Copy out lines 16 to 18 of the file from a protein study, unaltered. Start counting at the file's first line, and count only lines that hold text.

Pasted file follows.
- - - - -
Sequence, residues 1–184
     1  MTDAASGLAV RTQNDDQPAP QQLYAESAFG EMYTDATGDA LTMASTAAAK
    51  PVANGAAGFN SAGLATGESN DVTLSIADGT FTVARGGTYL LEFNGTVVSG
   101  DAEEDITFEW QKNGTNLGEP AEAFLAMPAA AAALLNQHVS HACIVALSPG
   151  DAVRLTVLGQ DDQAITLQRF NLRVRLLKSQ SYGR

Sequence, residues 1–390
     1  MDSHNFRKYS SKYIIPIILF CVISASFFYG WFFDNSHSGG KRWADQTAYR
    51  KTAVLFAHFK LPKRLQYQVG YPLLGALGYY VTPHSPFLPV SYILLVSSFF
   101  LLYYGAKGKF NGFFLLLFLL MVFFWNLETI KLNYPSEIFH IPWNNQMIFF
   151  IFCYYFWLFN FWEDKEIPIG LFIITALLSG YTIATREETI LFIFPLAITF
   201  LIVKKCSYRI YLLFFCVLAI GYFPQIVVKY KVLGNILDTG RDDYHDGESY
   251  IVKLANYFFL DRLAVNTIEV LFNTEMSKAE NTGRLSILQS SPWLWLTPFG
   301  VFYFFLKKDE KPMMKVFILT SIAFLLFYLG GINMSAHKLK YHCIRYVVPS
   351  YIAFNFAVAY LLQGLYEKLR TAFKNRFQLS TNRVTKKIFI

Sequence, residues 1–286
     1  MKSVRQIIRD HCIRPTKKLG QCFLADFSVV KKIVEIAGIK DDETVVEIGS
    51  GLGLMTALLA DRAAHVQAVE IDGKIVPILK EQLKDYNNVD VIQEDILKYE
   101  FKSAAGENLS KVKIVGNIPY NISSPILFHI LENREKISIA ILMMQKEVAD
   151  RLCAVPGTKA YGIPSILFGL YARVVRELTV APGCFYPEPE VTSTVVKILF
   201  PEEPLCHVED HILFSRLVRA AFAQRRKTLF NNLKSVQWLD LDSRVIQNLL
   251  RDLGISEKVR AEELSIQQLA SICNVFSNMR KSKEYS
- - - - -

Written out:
     1  MKSVRQIIRD HCIRPTKKLG QCFLADFSVV KKIVEIAGIK DDETVVEIGS
    51  GLGLMTALLA DRAAHVQAVE IDGKIVPILK EQLKDYNNVD VIQEDILKYE
   101  FKSAAGENLS KVKIVGNIPY NISSPILFHI LENREKISIA ILMMQKEVAD